Linux Means Business to the City of Garden Grove
Without Linux and Samba, the project could never have come in within budget nor made the time-line for the move. In just a few short months, the City switched from a mini-computer with dumb terminals to a total network environment. The Linux machines run 24 hours a day and have proven to be very stable and reliable. Our thanks go out to all the Internet community for providing such a wonderful environment.
The city now has over 300 486 and Pentium PC92s running WFW, Microsoft Office and Netscape Navigator. All are connected with 10baseT Ethernet cards (NE2000 and 3COM). Microsoft Telnet is used to connect to the Pick Server for legacy applications.
Linux servers are Intel-based Pentiums (100-133) with 64MB RAM, (2) 1GB SCSI drives and a 2GB DAT tape drive.
Printers are all HP LaserJets connected with an internal Jet Direct Card (Ethernet).
The network includes Category 5 cable with a Fiber Optic backbone, T1 line to Public Services, and 1544 Kbps Frame Relay to the Internet, 3COM hubs, patch panels and switch, Prelude and ADC DSU/CSU92s, and a Cisco Router.
The Informations Services staff consists of a manager, 2 systems analysts and a technician. Robert Shingledecker is the Information Systems Manager for the city of Garden Grove, California. He has written early machine code and assembly language programs. He uses the Internet regularly to research solutions for the city's IS needs and future developments. He can be reached at firstname.lastname@example.org. The authors are the systems analysts. Victor Chang, Information Systems Technician, supports the PC client's needs—he installs and supports software (Windows, MS Office, Netscape, etc.), troubleshoots and fixes hardware problems.
Pyng Chang is a Senior Systems Analyst with the city of Garden Grove, California. Both authors have Pick OS backgrounds, and have gradually moved into the Unix and PC environment since the inception of the project. They are both involved with all aspects of Unix network administration, and are currently writing the GUI interface to the Pick routines with the HTML, CGI and Perl.
Charles Kalil is a Senior Systems Analyst with the city of Garden Grove, California. Both authors have Pick OS backgrounds, and have gradually moved into the Unix and PC environment since the inception of the project. They are both involved with all aspects of Unix network administration, and are currently writing the GUI interface to the Pick routines with the HTML, CGI and Perl.
Practical Task Scheduling Deployment
One of the best things about the UNIX environment (aside from being stable and efficient) is the vast array of software tools available to help you do your job. Traditionally, a UNIX tool does only one thing, but does that one thing very well. For example, grep is very easy to use and can search vast amounts of data quickly. The find tool can find a particular file or files based on all kinds of criteria. It's pretty easy to string these tools together to build even more powerful tools, such as a tool that finds all of the .log files in the /home directory and searches each one for a particular entry. This erector-set mentality allows UNIX system administrators to seem to always have the right tool for the job.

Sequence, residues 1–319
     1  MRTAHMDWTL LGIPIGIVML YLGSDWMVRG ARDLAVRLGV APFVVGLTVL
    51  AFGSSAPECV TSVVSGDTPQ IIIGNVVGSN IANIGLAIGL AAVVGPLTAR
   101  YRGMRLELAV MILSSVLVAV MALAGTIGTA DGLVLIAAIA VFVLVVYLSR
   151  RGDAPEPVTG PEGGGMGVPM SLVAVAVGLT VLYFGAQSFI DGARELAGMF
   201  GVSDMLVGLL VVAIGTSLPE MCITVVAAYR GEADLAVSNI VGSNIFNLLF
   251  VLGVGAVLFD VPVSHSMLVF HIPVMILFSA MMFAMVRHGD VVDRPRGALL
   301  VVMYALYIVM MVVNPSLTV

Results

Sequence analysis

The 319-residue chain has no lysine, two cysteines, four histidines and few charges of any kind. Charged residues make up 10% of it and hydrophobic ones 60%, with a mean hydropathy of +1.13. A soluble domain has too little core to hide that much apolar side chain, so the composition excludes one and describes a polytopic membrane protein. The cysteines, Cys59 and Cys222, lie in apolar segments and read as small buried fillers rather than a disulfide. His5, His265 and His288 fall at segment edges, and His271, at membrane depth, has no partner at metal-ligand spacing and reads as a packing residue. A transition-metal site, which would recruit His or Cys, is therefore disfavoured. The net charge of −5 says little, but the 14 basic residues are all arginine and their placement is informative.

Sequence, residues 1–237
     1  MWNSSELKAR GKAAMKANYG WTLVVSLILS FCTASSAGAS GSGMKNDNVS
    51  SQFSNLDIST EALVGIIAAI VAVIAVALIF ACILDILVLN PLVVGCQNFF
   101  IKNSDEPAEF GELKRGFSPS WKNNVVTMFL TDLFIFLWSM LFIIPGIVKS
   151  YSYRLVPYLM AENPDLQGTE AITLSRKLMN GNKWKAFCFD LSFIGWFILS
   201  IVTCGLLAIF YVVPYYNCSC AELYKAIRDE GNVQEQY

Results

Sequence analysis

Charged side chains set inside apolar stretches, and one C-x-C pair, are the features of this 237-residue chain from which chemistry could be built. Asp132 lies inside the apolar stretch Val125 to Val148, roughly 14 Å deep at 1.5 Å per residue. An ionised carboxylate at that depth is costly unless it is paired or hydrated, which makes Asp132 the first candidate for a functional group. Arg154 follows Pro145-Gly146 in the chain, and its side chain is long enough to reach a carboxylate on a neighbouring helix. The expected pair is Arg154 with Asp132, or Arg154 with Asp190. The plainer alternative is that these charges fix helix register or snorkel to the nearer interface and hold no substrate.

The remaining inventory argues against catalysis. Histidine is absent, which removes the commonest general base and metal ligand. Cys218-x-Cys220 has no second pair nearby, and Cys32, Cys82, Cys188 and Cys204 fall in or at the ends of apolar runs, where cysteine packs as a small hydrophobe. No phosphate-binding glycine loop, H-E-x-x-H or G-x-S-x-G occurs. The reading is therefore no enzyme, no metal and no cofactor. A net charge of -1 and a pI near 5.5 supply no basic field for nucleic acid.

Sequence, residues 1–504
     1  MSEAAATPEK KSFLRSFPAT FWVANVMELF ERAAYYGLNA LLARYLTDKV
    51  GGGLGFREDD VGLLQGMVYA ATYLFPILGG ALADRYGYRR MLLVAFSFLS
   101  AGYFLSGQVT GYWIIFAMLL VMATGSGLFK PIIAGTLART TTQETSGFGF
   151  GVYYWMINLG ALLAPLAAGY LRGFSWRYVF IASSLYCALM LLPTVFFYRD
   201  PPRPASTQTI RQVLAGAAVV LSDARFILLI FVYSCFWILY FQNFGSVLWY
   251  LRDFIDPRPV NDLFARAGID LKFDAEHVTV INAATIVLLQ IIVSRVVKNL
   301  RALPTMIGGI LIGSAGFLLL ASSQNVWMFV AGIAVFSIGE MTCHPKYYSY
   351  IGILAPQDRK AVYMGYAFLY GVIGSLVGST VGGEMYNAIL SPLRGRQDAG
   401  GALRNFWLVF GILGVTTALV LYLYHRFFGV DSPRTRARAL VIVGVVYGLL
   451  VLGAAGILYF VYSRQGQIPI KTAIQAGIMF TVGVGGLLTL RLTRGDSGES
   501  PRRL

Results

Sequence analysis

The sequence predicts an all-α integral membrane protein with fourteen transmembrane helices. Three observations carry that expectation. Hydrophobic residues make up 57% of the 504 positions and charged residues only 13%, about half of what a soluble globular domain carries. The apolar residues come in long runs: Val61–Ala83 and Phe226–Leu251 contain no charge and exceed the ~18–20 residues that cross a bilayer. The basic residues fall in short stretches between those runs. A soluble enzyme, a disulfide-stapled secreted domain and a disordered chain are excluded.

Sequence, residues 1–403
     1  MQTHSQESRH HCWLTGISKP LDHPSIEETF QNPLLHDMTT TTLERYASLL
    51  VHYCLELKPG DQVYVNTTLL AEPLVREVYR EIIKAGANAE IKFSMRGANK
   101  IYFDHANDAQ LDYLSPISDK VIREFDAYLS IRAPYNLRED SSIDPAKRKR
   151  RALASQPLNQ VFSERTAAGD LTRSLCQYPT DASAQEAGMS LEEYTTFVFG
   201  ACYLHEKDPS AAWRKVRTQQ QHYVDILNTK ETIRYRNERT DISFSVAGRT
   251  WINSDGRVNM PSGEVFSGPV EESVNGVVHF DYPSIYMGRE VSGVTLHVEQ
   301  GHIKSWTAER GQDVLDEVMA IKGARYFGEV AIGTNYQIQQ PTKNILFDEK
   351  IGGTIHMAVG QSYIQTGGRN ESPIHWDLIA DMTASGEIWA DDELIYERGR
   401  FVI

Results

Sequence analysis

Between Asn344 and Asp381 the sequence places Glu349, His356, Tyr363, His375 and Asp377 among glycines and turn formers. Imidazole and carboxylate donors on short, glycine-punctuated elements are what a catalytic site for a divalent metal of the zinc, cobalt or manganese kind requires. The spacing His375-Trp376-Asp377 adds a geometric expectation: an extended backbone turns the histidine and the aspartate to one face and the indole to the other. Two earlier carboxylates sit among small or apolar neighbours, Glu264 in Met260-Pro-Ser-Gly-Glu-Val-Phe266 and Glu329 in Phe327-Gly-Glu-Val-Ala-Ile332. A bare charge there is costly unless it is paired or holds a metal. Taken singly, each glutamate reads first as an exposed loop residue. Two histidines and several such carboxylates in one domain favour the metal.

Cron traditionally has been considered another such a tool for job scheduling, but is it enough? This webinar considers that very question. The first part builds on a previous Geek Guide, Beyond Cron, and briefly describes how to know when it might be time to consider upgrading your job scheduling infrastructure. The second part presents an actual planning and implementation framework.
Join Linux Journal's Mike Diehl and Pat Cameron of Help Systems.
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|The Firebird Project's Firebird Relational Database||Jul 29, 2016|
|Stunnel Security for Oracle||Jul 28, 2016|
|SUSE LLC's SUSE Manager||Jul 21, 2016|
|My +1 Sword of Productivity||Jul 20, 2016|
|Non-Linux FOSS: Caffeine!||Jul 19, 2016|
|Murat Yener and Onur Dundar's Expert Android Studio (Wrox)||Jul 18, 2016|
- The Firebird Project's Firebird Relational Database
- Stunnel Security for Oracle
- My +1 Sword of Productivity
- SUSE LLC's SUSE Manager
- Non-Linux FOSS: Caffeine!
- Managing Linux Using Puppet
- Murat Yener and Onur Dundar's Expert Android Studio (Wrox)
- Parsing an RSS News Feed with a Bash Script
- Google's SwiftShader Released
- Doing for User Space What We Did for Kernel Space
With all the industry talk about the benefits of Linux on Power and all the performance advantages offered by its open architecture, you may be considering a move in that direction. If you are thinking about analytics, big data and cloud computing, you would be right to evaluate Power. The idea of using commodity x86 hardware and replacing it every three years is an outdated cost model. It doesn’t consider the total cost of ownership, and it doesn’t consider the advantage of real processing power, high-availability and multithreading like a demon.
This ebook takes a look at some of the practical applications of the Linux on Power platform and ways you might bring all the performance power of this open architecture to bear for your organization. There are no smoke and mirrors here—just hard, cold, empirical evidence provided by independent sources. I also consider some innovative ways Linux on Power will be used in the future.Get the Guide